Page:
10 things your veterinarian wishes you knew
Nearly every pet has a minor freak-out during its annual checkup, so chances are that you’re more focused on keeping your pup or cat calm than having a heart-to-heart with your vet about its health. That’s why we asked vets around the country to share one piece of stay-healthy advice every pet owner should know. From dental care to diet, here’s what they had to say.
Annual exams are a must.
Bringing your pet to the vet once a year is a simple, effective way to maintain its good health.
“Preventive exams actually save money and allow your pet to live longer,” explains Dr. Ted Cohn, president of the American Veterinary Medical Association and companion animal practitioner for 35 years. Treating a problem early increases the chance for success, minimizes discomfort for the pet and costs less in the long run.
Pets older than 6 months need yearly exams, Cohn suggests, while puppies under 6 months and senior pets should have wellness exams twice a year.
Seek out a specialist.
Animals can develop tough-to-treat medical issues that are best handled by a specially trained vet.
“If your pet has a condition that isn’t improving, or requires testing or procedures beyond the scope of your veterinarian, consult a specialist,” says Dr. Mary Ann Crawford, internal medicine specialist at Oradell Animal Hospital in Paramus, New Jersey.
With an additional three to five years of training, specialists have a greater knowledge of the unusual, uncommon or downright rare. Your veterinarian will work closely with them and resume care once your pet once is stable or has recovered.
Don’t try to diagnose your pet.
“When in doubt, don’t consult with Dr. Google,” says Dr. Bernadine Cruz, a companion animal veterinarian in Laguna Hills, Calif. “You get what you pay for. When your pet has a problem, you need professional eyes, ears, fingers and sometimes diagnostic tests to assess it.”
Microchip your pet.
“Microchips can save your pet’s life,” says Dr. Larry Dee, a Hollywood, Florida, a small animal veterinarian and American Veterinary Medical Association executive board member. And he’s not kidding.
Consider this: If your pet breaks out of the backyard, it could end up in a shelter and possibly euthanized (or adopted by another family). A microchip will speak up when your little buddy can’t, offering your contact information when scanned. It’s a painless procedure — the tiny chip is just implanted between your pet’s shoulder blades — and relatively inexpensive. Veterinarians and animal shelters will most often implant chips for less than $50.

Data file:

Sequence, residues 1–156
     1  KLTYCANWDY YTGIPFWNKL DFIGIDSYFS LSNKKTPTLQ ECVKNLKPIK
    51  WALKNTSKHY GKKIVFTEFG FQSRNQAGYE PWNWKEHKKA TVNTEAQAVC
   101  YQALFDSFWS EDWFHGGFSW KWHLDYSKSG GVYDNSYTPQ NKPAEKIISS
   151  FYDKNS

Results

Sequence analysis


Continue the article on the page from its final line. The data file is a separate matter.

Cats need extra attention.
“Cats are very good at hiding diseases, so it’s challenging to know when yours is sick” says Dr. Marcus Brown, president-elect of the American Association of Feline Practitioners and a cat-only veterinarian in Arlington, Virginia. His suggestion? Two check-ups a year, and keep an eye out for any new behaviors in between vet visits.
“Subtle changes such as weight loss, eating less, not greeting you at the door or peeing outside the litter box are significant with cats, and should prompt a call to your veterinarian,” he says.
Be smart about nutrition.
“If you love your pet, keep it lean,” suggests Dr. Laura Eirmann, a board-certified veterinary nutritionist and clinical nutritionist at Oradell Animal Hospital in Paramus, New Jersey. From a nutritional standpoint, Eirmann says that keeping your pet fit is the single-most important factor that will increase the lifespan of your dog or cat. Make sure the pet food you buy states somewhere on the label that it is AAFCO-approved, meaning it is complete, balanced and appropriate for your pet’s stage in life.
Don’t forget about their teeth.
Don’t count on a bone or bowl of dry food to get your pet’s teeth clean.
“Dogs and cats need routine dental care, including full-mouth X-rays, to reveal hidden problems,” says Dr. Larry Dee, a small animal veterinarian in Hollywood, Flordia. The imaging picks up potential issues like abscessed teeth or receding or infected gums, which can cause pain and — worse — infect the heart and kidneys.
A full workup does involve anesthesia, which sounds extreme but is very necessary. Without it, a thorough cleaning — especially under the gum line — can’t be done.
Hamsters (and other small rodents) need check-ups, too.
Speaking of teeth, your small rodents also need to be examined once a year, says Dr. Suzanne Scott, a Houston-area companion animal and exotic pets veterinarian. That’s because their choppers grow continuously, and if they don’t line up correctly, they will grow sideways and develop sharp points that cut into the gums. As a result, the pet doesn’t eat.
Don’t count on keeping an eye on these teeth yourself. Back teeth are usually the problem, and they are all but impossible for you to see.
Keep your meds out of reach.
Pets — especially dogs — can sniff out and gulp down trouble, so keep all dangerous substances out of reach. That includes prescription and over-the-counter medications, which can be lethal in pets, says Dr. Ted Cohn, a Denver-based companion animal veterinarian. “Acetaminophen, in particular, is toxic to dogs — even more so to cats,” he adds.
Be proactive about flea control.
Even if you don’t spot fleas on your pet, it can just take one to send your bestie into a scratching fit (especially if he’s sensitive to flea saliva). A good rule of thumb? If your pet is itching, biting or scratching, chances are it’s because of fleas, says Dr. Cruz.
Thankfully, the fix is easy: Year-round flea control on all your pets is what’s needed. If your pet’s still itching after that, it’s time to consult your veterinarian.
A version of this story originally appeared on iVillage.